Small and local businesses have a major impact on the state’s economy, employing 1 million people in 2015 and making up 99.4% of Arizona businesses. More than 6,000 small businesses are exporters in the state and generate 23% of Arizona’s nearly $21 billion in total exports.

But an Arizona tax expert said the bill faces challenges because of the state’s tax system, which has 93 city tax codes that cause discrepancies in various taxable goods and services across the state. Food shopping in Gilbert, for example, is taxed, but is tax free in Phoenix. But Phoenix’s retail tax is nearly 1% higher than Gilbert’s 8.6%.

“It would be nothing short of a nightmare” for out-of-state sellers to figure out their obligations in taxing consumers buying products in different cities, according to Kevin McCarthy, president of the Arizona Tax Research Association. Arizona is one of only four states that do not have a uniform tax code, he said.

McCarthy opposes the bill because Arizona taxes need to be simplified first, he said, but he supports local businesses’ need to compete fairly.

In June, the U.S. Supreme Court decided in South Dakota v. Wayfair that the state could require to collect sales taxes from out-of-state sellers. McCarthy said South Dakota won the decision because officials went to great lengths to simplify their sales-tax code. The state implemented computerized systems where remote sellers can tax consumers in the state.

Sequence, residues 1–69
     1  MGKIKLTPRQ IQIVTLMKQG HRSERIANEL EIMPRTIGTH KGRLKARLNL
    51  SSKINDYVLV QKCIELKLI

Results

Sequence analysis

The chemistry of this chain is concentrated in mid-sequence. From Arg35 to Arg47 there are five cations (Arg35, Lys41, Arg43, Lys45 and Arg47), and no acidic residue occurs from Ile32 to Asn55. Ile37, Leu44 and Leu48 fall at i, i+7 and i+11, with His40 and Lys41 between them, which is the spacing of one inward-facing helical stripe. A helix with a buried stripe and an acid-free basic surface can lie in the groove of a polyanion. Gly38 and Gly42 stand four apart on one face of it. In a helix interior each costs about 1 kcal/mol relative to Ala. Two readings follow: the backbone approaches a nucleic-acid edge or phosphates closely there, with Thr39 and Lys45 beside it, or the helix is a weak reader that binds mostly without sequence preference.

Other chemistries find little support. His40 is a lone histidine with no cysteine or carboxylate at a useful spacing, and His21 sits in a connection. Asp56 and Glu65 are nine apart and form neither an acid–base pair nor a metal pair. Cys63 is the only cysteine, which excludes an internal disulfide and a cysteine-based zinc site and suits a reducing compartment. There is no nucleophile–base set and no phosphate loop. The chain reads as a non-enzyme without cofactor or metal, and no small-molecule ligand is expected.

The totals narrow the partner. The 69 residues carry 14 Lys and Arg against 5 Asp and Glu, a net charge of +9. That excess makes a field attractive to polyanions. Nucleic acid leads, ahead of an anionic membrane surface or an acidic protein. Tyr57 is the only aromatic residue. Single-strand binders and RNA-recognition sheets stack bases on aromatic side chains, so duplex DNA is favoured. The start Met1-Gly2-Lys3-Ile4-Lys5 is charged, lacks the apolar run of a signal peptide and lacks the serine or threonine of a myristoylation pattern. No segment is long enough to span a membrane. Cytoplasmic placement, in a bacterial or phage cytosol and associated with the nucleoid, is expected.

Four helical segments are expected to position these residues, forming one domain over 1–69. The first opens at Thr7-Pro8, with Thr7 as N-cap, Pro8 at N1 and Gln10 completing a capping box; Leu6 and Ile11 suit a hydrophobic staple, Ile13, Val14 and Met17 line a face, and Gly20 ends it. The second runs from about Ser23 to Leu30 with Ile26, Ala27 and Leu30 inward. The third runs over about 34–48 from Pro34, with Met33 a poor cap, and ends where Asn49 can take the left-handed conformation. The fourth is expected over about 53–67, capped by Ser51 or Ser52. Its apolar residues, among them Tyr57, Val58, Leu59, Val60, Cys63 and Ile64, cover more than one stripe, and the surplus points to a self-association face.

“We think the state has to first address sales tax simplification in order to ensure that we are not legally liable for imposing an economic nexus law that the court won’t sustain,” he said.

Plot twist: Arizona already has a law to account for taxes that online retailers do not impose, called the use tax. Consumers are technically required to report such taxes to the Arizona Department of Revenue and pay them.

“Let’s be honest, virtually nobody does it, and so that tax essentially becomes unpaid,” said Rep. Ben Toma, who introduced the bill.

Toma, a Republican representing Surprise, Peoria and the Sun Cities, said it is much easier and sensible, from a public policy standpoint, to have businesses impose a tax that would capture millions of dollars.

A 2017 Government Accountability Office report estimated revenues states could gain by requiring that businesses collect sales taxes on all out-of-state sales. The report found that Arizona could have potential revenue gains from $190 million to $293 million by enacting an economic parity law.

In the U.S., 24 states have worked for decades toward simplifying sales and use-tax administration for an identical sales tax code.

Toma believes the bill is crucial to ensuring parity for small businesses. But he, too, favors streamlining Arizona’s messy tax system.

“If we don’t simplify,” he said, “we’d lose the ability to tax these transactions at all, which obviously would be detrimental to everybody here and to all the efforts up to this point.”

But the chance of city governments giving up their control to set their tax rates is slim, Toma and others said.

Arizona is still “the Wild West in many ways,” Toma said, with a longstanding culture of local autonomy and a “libertarian undertone.”

Since mid-February, there had been no movement on the bill.